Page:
Your Serene Highness.

The Palace is not quite the same without your wife, Duke.

My wife is an ornament wherever she is.

If you'll excuse me.

Mm.

This is inedible.

Lehzen, when is Mr Francatelli coming back?

Unfortunately, Ma'am, he does not wish to leave his current position at the Reform Club.

My apologies, Sir Robert.

I thought you would want to know at once.

Excuse me, Duke.

You know, Ma'am, my eldest brother is on the committee at the Reform.

Lord Alfred, how many brothers do you have?

Oh... seven, Ma'am.

I could have a word with William if you'd like.

Oh, please. That would be very kind.

Excuse me, Ma'am.

I er... I hate to be the bearer of ill tidings on such a joyous occasion, but there is something I must tell you.

I'm sorry to say that the worst has happened in Afghanistan.

Despite being guaranteed safe passage, the remainder of the column was ambushed near a village called Gandamak -- and annihilated.

, men left Kabul.

There is only one survivor, a Dr Brydon.

Despite being wounded, he managed somehow to make it across the border to our garrison in Jalalabad.

miles through hostile territory.

He's just arrived in London.

I must see him... at once.

One of the Gilzais took a swing at me with his blade, but he got the Blackwood's Magazine I'd stuffed in my hat, instead of my scalp. The paper had frozen solid.

Doesn't seem right that I should still be alive...

.. when so many decent men are dead.

You have been exceedingly brave, Dr Brydon...

.. and I thank you for coming here today.

We all thought about you, Ma'am, over there.

My friend, Captain Souter...

.. he was singing God Save The Queen when he...

.. when he was er...

I wish he was beside me now.

He would say... your picture does not do you justice, Ma'am.

Another petition came this morning, sir.

It's not me they should be writing to.

We had no business being in Afghanistan and now our brave soldiers have paid the price for the folly of...

.. Melbourne and Palmerston.

"Great game", indeed.

I see you have the papers.

A bad day for the country, Ma'am.

What a humiliation.

I am quite aware of that, Duchess.

Order!

Order!

Can the Prime Minister explain to the House how it is that the mighty British Army could be so humiliated at Gandamak?

I suggest that the real question should be, what were the British Army doing in Afghanistan in the first place?

A question the honourable gentleman knows can only be answered by HIS party.

Yes.

That's right! That's right!

- Why were we there?
- Shame on you.

Order!

We will try to play this down, but the country will know we have been defeated.

By tribesmen with barely a dozen muskets between 'em.

The mighty British Army, defeated by savages.

The army needs to be reformed.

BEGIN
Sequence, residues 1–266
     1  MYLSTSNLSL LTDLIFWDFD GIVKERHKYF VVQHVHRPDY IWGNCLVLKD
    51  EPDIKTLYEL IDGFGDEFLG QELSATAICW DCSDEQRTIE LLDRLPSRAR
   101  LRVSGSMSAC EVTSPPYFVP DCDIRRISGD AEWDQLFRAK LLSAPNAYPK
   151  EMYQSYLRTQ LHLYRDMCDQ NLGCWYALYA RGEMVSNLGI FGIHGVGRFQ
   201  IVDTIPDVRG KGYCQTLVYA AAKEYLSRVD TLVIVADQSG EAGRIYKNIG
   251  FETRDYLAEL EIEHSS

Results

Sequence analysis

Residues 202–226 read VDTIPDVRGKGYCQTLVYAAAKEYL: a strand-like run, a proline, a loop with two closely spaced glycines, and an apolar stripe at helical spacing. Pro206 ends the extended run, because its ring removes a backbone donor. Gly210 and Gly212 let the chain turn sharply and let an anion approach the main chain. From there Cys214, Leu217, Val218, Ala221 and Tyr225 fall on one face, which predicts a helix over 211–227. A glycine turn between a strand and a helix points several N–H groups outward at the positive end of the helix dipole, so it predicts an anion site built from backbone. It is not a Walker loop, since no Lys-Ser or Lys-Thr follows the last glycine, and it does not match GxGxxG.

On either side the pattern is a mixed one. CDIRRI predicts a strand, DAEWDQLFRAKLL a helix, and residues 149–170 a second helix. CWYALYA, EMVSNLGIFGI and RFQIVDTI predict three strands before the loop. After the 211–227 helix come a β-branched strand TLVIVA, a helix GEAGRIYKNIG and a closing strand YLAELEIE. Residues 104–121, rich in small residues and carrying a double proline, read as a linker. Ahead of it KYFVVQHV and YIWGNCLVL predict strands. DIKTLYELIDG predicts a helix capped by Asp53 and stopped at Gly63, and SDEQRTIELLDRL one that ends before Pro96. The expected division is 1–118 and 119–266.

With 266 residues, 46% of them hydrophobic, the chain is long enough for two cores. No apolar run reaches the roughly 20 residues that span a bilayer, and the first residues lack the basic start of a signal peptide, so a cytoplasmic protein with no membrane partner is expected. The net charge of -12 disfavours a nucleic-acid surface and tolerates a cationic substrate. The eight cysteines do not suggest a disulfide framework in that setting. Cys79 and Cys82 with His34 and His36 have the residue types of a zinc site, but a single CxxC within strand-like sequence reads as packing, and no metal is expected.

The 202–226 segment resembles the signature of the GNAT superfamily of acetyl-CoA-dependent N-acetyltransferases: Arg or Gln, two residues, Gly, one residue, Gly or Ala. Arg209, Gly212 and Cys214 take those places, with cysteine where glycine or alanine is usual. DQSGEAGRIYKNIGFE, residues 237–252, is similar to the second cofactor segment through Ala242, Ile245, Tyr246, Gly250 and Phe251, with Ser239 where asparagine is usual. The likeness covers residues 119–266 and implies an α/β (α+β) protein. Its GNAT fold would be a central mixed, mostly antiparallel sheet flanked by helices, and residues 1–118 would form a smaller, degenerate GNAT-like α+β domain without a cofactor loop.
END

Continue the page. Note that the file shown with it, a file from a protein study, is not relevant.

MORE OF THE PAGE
It needs officers of ability, not breeding.

The uniform is impractical. My designs for the helmet would...

This is no time to quibble over helmets, Albert.

We need to do something splendid.

Sir Robert, I read in the order papers that HMS Trafalgar is to be commissioned tomorrow.

I have decided to attend.

Are you sure that's wise, Ma'am?

This is a time for the country to lick its wounds,

- not celebrate a famous victory.
- I must agree, Victoria.

Now is the time to attend to your family, not to parade yourself in public.

I'm sure you agree, Albert.

I do not think we should celebrate defeat.

And you, Duke? What do you think?

I think you're absolutely right, Ma'am.

Trafalgar was a great victory but it came after a defeat.

We must remind the nation that its army and navy are the best in the world.

Thank you, Duke.

Please make the arrangements.

Ma'am.

I will not be able to attend, Victoria.

I have a meeting of the Sanitation Commission.

As you wish... but I think the fighting spirit of this country is more important than... plumbing.

Your Royal Highness.

I thought you would be with the Queen.

As you can see, I am not.

Her expression.

It's as if she knows what I am thinking.

When the Queen was a little girl, maybe five years old, she said to me...

"I can see you're missing your home, Lehzen, and sometimes you want to cry, but I will make you happy again."

She was so young and yet so wise.

I had forgotten it.

Her Majesty the Queen!

Today... this becomes my ship.

It is called Trafalgar, after a great victory, when this country defeated a tyrant who threatened our very existence.

We have our travails now.

We have suffered a blow in Kabul.

Brave men have perished in the snows of the Khyber Pass.

We mourn their loss.

But, as a soldier's daughter...

.. I know this nation has the greatest armed forces in the world.

We will snatch victory from the jaws of defeat.

And the spirit of Trafalgar burns as bright now as it has ever done.

Nicely done, Ma'am, nicely done.

You know, Peel, I think little Vicky is doing her country proud.

They know their Queen is there when it counts.

It's disgusting in here, ladies. Do you think I can cook in a room like this?

Mr Francatelli, you came back!

These pots and pans are a disgrace, don't you think?

I want them scrubbed...so you can see every one of your little pock marks in 'em.

- Excuse me.
- Oh.

Mrs Skerrett.

Thank you.

- Miss...
- Cleary, Ma'am.

The Chiswick Institute sent me -- about the junior dresser's position.

I expect she is dreaming of her future husband, the King of Prussia.

Well, that's just the start.

If Uncle Leopold would have his way, we would have a Coburg on every throne in Europe.

I don't want her to be a pawn in some dynastic game.

I want my daughter to be free to marry, as I did...

.. for love.

I'm sorry I was rude about your helmets.

They really are very practical...

But not very splendid.

No.

I just want to make things better, for now.

I know you do...

.. but you must remember this country has a past as well as a future.

Do you think our future might...

.. might involve more of this?

♪ Hallelujah

♪ Gloriana

♪ Hallelujah

♪ Gloriana

♪ Hallelujah

♪ Hallelujah